In this issue, four original articles investigate the changes and overlaps that occur across the representation of social categories in advertising images.
In the first piece, "Deconstructing Hegemonic Masculinity," Kevin Thomas sets out a theoretical framework for understanding representations of masculinity as an intersection between race and gender. He begins with a long historical lens that opens on the slave period in American history and its attendant ideologies of black masculinity and femininity, then works forward to an analysis of contemporary print advertising aimed at young black and white readers.
Next, Jessamyn Neuhaus works through the product history of disposable diapers to trace the interaction between gender norms for child care and the advertisers' attempts to reach and represent nonwhite parents. In "Dad Test," Neuhaus documents the ways that gender norms were filtered through white, African-American, and Latin-American fathers represented in the ads, giving further credence to the notion that such figures must be understood in intersectional terms. In the end, however, changing gender norms for parents in contemporary times cause a Huggies spot to backfire: the traditional manner of poking fun at fathers' attempts to take care of babies did not sit well with today's parents. Thus, the need to adopt a dynamic view, even of advertising stereotypes, is underscored.
In "Selling American Beauty to Teen Girls," Chung-kue Jennifer Hsu analyses the celebrity ads that populate Seventeen magazine today. Hsu's analysis implicitly adds three dimensions of social life that would further complicate the notion of "ideals" for either gender or race: celebrity, age, and lifestyle. While celebrity emulation is often treated as a monolithic influence in research, the fact is that celebrities come in a range of characters that individuate social classes. Consider, for instance, the very different notions of black femininity represented by Halle Berry and Queen Latifah or the range of ideals suggested by, say, Lindsay Lohan, Diane Keaton, and Maggie Gyllenhall. Or between Pink and Penelope Cruz and Pamela Anderson? These are not variations easily captured by brute social categories like race, class, and gender.or even by typical research categories like sexy, athletic, and demure.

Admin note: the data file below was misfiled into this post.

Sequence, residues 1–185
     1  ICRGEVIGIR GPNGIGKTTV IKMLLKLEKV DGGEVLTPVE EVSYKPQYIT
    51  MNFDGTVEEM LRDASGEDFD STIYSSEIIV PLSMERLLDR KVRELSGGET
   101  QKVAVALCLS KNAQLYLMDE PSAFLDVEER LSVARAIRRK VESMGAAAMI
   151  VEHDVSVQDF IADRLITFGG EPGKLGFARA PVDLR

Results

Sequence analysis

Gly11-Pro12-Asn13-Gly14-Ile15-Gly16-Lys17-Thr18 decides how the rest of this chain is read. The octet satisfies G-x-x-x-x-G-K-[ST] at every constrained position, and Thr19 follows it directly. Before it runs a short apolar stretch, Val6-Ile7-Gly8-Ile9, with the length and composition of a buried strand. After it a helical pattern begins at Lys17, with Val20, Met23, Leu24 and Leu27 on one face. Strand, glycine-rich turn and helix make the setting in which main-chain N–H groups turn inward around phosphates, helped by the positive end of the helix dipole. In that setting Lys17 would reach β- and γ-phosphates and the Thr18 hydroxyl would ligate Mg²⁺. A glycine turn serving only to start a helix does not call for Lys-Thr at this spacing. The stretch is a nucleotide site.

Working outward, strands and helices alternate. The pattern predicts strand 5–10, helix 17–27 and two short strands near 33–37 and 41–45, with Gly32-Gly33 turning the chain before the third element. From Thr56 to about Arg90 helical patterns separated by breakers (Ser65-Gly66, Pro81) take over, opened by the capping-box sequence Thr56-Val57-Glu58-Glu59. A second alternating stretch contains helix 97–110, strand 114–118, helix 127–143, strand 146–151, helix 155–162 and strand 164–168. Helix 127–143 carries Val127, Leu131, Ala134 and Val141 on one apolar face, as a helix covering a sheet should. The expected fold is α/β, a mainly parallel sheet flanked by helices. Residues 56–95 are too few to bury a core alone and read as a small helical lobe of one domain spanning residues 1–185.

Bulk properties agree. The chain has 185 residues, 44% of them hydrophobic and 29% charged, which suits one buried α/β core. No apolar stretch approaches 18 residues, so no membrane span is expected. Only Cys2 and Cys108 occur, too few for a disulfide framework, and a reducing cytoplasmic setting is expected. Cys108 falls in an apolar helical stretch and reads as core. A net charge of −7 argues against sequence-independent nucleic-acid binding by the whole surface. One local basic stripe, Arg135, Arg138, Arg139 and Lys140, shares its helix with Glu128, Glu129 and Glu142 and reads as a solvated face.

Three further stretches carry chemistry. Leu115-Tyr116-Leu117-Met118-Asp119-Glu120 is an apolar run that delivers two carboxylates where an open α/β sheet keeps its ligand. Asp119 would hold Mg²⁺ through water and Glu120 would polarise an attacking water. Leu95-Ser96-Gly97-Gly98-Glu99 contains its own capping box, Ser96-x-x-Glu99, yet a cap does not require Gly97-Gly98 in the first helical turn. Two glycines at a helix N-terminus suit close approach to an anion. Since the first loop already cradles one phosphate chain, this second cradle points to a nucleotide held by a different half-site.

Our Classic Campaign entry for this issue, by Catherine Coleman, looks at the Nike campaign that featured Michael Jordan and Spike Lee: the 1990s run that said "It's gotta be the shoes." Here we see two highly admired, but very different ideals of black masculinity, Spike Lee's intellectual irony and Michael Jordan's athletic virtuosity, come together in a brilliant campaign. This stylish set of spots challenged a century of advertising practice that had excluded blacks from roles inspiring admiration, denying black youth positive role models in mainstream media. Yet the alleged impact was to create dangerous patterns of covetous violence in the streets.
Though these articles each contribute to our understanding of the workings of race, gender, and age representations in advertising, we are left with the unavoidable conclusion that this is a more subtle, various, and unpredictable phenomenon than most research treatments have thus far approached.
Linda M. Scott
Advertising & Society Review
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